I was very lucky – I was able to move back in with my parents (which they were definitely overjoyed about) to do a Creative Writing MA part time at the University of Manchester, where I now teach. Each year at the end of the MA, the students produce an anthology, which is then sent round to agencies. My agent, Nelle Andrew at PFD, saw my extract and liked it, and signed me soon afterwards, when the book was only partially complete. Illness and full time work then delayed me a little bit in finishing the book, but eventually I was done, and my editor, Katy Loftus at Viking, had already expressed interest in it. She read the manuscript and made some suggestions, and I met her in person, and I had a strong gut feeling that she was the editor for me. The book was sold to Viking about two and a half years after I graduated from the MA – so things took a little while, but I feel I’ve been incredibly lucky at every stage.
What advice would you give someone starting work on a first novel?
I would say: get ready to be on your own for a long time. It’s a slog to even get to a good point for other people to start reading your stuff. When you do reach that point I would say: learn how to listen. I think the capacity to hear and implement feedback is a much bigger deciding factor than talent in whether a writer can make it as a working novelist. Lastly, I would (conversely) say: learn when not to listen. I think that, as a writer, you need to be able to maintain a fairly unshakeable core within yourself in which you understand what you’re trying to do with your book. Lots of the feedback you get will be spot on, but some really won’t be, and you need to use the unshakeable core (rather than pride) to deduce which is which.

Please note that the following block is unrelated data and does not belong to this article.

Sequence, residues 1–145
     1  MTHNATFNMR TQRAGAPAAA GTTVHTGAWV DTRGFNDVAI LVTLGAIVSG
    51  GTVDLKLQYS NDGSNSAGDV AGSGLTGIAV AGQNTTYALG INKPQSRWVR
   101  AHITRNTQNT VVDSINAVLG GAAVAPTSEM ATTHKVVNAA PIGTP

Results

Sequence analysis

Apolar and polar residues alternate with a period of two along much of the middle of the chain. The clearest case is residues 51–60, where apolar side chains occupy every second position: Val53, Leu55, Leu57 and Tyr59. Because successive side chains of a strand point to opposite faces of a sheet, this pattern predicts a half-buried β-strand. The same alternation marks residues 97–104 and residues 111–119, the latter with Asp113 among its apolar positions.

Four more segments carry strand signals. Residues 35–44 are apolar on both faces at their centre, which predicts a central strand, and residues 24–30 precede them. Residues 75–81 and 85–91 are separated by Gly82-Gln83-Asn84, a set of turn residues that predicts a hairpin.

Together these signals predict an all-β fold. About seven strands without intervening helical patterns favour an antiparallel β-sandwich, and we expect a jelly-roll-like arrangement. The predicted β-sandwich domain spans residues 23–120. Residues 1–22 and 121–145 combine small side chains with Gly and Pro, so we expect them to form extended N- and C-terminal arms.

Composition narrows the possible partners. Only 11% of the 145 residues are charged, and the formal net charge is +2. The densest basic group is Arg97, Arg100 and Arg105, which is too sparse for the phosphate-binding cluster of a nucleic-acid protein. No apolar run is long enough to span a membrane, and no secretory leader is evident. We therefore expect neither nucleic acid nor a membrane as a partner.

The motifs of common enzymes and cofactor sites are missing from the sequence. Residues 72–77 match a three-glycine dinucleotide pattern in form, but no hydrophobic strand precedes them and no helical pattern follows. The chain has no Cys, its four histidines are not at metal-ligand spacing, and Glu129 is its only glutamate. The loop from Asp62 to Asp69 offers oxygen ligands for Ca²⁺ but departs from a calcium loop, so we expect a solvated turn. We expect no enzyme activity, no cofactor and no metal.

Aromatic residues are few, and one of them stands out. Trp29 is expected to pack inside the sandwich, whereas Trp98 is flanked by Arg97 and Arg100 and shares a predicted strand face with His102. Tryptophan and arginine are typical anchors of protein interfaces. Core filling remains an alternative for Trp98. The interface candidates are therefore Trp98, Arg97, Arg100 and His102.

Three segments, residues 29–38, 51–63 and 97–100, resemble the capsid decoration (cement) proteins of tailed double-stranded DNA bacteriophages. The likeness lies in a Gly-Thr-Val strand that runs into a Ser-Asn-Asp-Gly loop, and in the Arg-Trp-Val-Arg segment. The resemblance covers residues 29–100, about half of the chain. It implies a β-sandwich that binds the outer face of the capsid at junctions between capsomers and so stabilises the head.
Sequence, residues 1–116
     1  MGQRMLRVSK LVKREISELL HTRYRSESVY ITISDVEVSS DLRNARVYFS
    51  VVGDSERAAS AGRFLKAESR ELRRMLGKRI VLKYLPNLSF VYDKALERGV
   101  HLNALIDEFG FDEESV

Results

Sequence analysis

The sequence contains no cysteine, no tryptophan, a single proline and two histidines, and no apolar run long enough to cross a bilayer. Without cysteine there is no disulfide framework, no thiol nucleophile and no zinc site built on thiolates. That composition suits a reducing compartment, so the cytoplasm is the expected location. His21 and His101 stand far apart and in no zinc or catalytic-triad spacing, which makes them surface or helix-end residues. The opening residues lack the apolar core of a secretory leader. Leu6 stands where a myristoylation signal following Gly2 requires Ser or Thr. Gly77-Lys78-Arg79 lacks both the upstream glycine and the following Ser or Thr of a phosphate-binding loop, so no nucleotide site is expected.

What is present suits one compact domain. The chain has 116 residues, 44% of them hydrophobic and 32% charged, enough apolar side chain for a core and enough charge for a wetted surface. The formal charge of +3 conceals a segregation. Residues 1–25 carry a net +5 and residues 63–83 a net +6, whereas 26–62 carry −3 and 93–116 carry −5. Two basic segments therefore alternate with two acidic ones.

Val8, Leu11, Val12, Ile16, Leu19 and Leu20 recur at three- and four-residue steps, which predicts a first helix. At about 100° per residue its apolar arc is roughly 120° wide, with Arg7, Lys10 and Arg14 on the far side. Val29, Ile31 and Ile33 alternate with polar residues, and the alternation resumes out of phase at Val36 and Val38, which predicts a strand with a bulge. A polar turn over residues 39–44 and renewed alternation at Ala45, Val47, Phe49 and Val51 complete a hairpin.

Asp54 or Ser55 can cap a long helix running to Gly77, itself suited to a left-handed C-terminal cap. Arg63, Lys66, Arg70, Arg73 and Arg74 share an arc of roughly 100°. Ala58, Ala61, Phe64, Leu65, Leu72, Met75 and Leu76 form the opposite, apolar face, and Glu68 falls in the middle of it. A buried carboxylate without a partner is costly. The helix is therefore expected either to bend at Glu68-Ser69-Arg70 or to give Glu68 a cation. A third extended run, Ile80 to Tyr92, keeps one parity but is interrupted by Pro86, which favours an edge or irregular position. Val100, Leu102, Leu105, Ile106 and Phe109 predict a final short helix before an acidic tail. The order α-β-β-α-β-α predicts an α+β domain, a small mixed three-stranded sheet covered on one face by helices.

Do you have any favourite historical novelists?
I’m an embarrassingly huge Hilary Mantel fan. I always loved her writing, but I think in the Wolf Hall books she’s managed to show us a world that is recognisably other and has done it without a hint of ‘ye olde’-ness. I’ve read Wolf Hall itself upwards of fifteen times, and I learn something new from it every time. Recently I got to meet Hilary, and of course when I shook her hand I’d planned to say something clever, but succeeded only in making a few weird noises and nodding vigorously.